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Vol. 12, No. 2 - March/April 2001

In Praise of the Automobile - Guest Commentary by James A. Dunn, Jr.
A growing number of social critics and opinion leaders argue that autos and suburbs are problems, not solutions. The critics would declare a "war on sprawl" and push for new government programs to improve the sustainability of communities by mandating "smart growth" planned on models developed by the "new urbanists." But there are some real dangers and costs hidden in the anti-sprawl agenda. Perhaps the two most important are the demonization of the automobile and the costly overselling of public transit's capability to replace a significant portion of auto travel in our suburbs. Unfortunately, major investments in new rail transit will not do much to reduce auto emissions or energy use, either. Transit's share of the travel market has been steadily declining for 50 years, despite nearly $400 billion dollars (adjusted for inflation) in federal, state and local subsidies since 1964. It would cost untold additional billions to double transit's current 3 percent market share of U.S. surface passenger miles. And 94 percent of the miles would still be traveled in automobiles.

High Speed Trains - A Solution to the Growing Gridlock in the Sky?
Recent well-publicized problems with overcrowded airports and flight delays have revived interest in high speed trains. With the number of air travelers steadily rising, the search for relief from growing airport congestion is gaining more urgency. High speed rail proponents argue that diverting travelers to trains for short and medium-length trips would allow airlines to concentrate on long haul service, help ease pressure on the air traffic control system, and reduce flight delays. But many obstacles to this vision remain.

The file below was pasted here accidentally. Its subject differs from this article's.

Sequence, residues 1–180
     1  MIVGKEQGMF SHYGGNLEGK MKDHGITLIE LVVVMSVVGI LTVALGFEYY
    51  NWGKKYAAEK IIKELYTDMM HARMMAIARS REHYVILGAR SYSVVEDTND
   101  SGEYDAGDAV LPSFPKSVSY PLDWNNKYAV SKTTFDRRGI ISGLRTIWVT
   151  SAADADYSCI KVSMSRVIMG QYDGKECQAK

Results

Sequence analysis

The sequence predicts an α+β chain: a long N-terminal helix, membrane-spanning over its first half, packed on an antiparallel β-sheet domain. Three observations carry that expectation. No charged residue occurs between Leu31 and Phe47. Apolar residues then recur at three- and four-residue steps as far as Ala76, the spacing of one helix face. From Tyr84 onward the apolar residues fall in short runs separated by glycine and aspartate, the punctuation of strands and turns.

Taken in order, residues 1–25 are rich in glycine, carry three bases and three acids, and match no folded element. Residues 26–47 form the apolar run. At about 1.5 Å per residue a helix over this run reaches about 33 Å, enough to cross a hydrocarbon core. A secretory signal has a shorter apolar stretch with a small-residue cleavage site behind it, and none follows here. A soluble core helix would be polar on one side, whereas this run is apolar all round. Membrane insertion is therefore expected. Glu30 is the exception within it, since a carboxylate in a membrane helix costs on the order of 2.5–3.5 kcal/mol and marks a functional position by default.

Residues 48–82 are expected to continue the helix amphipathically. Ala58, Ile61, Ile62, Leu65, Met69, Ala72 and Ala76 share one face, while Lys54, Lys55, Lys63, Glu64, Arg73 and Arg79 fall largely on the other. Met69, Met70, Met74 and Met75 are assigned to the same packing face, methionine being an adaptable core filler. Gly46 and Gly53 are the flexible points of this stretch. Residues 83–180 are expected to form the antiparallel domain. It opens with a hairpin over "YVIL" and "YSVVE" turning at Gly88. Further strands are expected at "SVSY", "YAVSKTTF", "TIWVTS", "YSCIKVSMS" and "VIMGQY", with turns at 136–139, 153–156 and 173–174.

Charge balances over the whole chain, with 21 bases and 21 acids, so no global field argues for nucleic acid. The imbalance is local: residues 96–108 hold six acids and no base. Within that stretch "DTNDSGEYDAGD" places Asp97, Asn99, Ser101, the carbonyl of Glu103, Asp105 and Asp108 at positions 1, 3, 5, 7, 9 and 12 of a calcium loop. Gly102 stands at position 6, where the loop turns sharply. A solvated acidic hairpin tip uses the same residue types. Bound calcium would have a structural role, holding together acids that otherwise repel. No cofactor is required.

The Uncertain Future of Urban Rail
The struggle between pro- and anti-rail forces shows no signs of abating. While, some recently built light rail projects enjoy healthy ridership, they have not delivered on promises of reduced congestion and sprawl, and not all communities are anxious to jump on the bandwagon. Since federal financial support is often an essential catalyst and a decisive factor in local decisions to build rail systems, the question on every one's mind is: will the Bush administration continue the policy of the previous administration to aggressively promote urban rail construction.

A Transportation Agenda for the 21st Century
Sustaining Future Mobility
In a wide ranging commentary, John Horsley, AASHTO's Executive Director, discusses his vision of the policy agenda for surface transportation in the 21st century. His remarks are adapted from an address before the FHWA Management Council.

Developing an "Operations Vision": The Dialogue Continues
For over a year now, the transportation community has been engaged in a dialogue about "transportation operations." Launched by the Federal Highway Administration, the Operations initiative aims to shift the focus from new construction - which has been the primary mission of the highway establishment from the very inception of the federal-aid highway program in the 1930s - to efficiently managing and operating existing facilities.

 



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